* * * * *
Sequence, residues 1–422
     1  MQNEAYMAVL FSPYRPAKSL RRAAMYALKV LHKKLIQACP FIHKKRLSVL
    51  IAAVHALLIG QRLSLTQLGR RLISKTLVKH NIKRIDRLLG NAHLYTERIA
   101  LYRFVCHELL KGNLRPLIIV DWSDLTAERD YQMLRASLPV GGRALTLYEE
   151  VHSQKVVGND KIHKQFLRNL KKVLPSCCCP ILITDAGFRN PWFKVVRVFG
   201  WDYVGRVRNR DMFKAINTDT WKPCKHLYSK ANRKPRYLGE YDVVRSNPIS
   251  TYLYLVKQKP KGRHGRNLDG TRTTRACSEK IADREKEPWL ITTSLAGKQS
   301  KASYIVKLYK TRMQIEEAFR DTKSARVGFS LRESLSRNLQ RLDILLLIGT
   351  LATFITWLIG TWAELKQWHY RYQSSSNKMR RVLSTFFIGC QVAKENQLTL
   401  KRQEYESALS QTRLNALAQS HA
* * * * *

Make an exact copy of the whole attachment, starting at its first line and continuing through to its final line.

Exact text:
Sequence, residues 1–422
     1  MQNEAYMAVL FSPYRPAKSL RRAAMYALKV LHKKLIQACP FIHKKRLSVL
    51  IAAVHALLIG QRLSLTQLGR RLISKTLVKH NIKRIDRLLG NAHLYTERIA
   101  LYRFVCHELL KGNLRPLIIV DWSDLTAERD YQMLRASLPV GGRALTLYEE
   151  VHSQKVVGND KIHKQFLRNL KKVLPSCCCP ILITDAGFRN PWFKVVRVFG
   201  WDYVGRVRNR DMFKAINTDT WKPCKHLYSK ANRKPRYLGE YDVVRSNPIS
   251  TYLYLVKQKP KGRHGRNLDG TRTTRACSEK IADREKEPWL ITTSLAGKQS
   301  KASYIVKLYK TRMQIEEAFR DTKSARVGFS LRESLSRNLQ RLDILLLIGT
   351  LATFITWLIG TWAELKQWHY RYQSSSNKMR RVLSTFFIGC QVAKENQLTL
   401  KRQEYESALS QTRLNALAQS HA